Mining Engineering

Summary

Mining and geological engineers design mines to safely and efficiently remove minerals for use in manufacturing and utilities.  Many mining and geological engineers work where mining operations are located, such as mineral mines or sand-and-gravel quarries, in remote areas or near cities and towns.   Others work in offices or onsite for oil and gas extraction firms or engineering services firms.   A bachelor’s degree from an accredited engineering program is required to become a mining or geological engineer.   The median annual wage for mining and geological engineers was $91,160 in May 2019.   Employment of mining and geological engineers is projected to grow 4 percent from 2019 to 2029, about as fast as the average for all occupations.   Employment growth for mining and geological engineers will be driven by demand for mining operations.   In addition, as companies look for ways to cut costs, they are expected to contract more services with engineering services firms, rather than employ engineers directly.

What they do

Geological engineers search for mineral deposits and evaluate possible sites. Once a site is identified, they plan how the metals or minerals will be extracted in efficient and environmentally sound ways.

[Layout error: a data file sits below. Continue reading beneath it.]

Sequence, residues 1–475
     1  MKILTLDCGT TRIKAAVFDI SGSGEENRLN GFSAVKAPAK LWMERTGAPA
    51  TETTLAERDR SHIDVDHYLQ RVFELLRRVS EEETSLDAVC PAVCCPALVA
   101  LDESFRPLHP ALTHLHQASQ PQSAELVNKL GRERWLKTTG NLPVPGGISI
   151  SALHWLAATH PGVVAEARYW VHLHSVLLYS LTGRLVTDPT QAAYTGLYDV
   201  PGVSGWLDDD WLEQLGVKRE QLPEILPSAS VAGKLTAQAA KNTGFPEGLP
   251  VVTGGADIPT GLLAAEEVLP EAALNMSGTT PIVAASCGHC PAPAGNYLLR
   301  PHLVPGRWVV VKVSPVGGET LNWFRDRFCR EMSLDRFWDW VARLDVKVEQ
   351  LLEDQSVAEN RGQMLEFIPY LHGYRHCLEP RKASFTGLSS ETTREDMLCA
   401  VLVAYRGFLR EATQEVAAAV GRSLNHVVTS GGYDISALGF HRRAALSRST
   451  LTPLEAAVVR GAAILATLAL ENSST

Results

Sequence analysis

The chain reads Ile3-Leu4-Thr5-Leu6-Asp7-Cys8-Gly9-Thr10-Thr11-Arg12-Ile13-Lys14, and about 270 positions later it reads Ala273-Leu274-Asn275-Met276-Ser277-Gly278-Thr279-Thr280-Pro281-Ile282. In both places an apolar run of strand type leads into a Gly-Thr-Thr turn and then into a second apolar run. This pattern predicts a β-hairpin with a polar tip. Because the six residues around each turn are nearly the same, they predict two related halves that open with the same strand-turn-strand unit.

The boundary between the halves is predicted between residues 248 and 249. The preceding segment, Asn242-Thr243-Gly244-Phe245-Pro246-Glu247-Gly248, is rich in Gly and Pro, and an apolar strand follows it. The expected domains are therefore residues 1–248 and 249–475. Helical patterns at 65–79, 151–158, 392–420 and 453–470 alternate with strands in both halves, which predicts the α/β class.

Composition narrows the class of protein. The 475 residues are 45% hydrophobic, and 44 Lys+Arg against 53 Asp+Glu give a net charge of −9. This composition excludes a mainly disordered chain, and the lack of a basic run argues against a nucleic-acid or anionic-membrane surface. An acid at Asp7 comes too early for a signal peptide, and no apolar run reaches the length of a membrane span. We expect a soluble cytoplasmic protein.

Mining and geological engineers typically do the following:

  • Design open-pit and underground mines
  • Supervise the construction of mine shafts and tunnels
  • Devise methods for transporting minerals to processing plants
  • Prepare technical reports for miners, engineers, and managers
  • Monitor mine production to assess the effectiveness of operations
  • Provide solutions to problems related to land reclamation, water and air pollution, and sustainability
  • Ensure that mines are operated in safe and environmentally sound ways

Geological engineers search for mineral deposits and evaluate possible sites. Once a site is identified, they plan how the metals or minerals will be extracted in efficient and environmentally sound ways.

Mining engineers often specialize in one particular mineral or metal, such as coal or gold. They typically design and develop mines and determine the best way to extract metal or minerals to get the most out of deposits.

Some mining engineers work with geoscientists and metallurgical engineers to find and evaluate ore deposits. Other mining engineers develop new equipment or direct mineral-processing operations to separate minerals from dirt, rock, and other materials.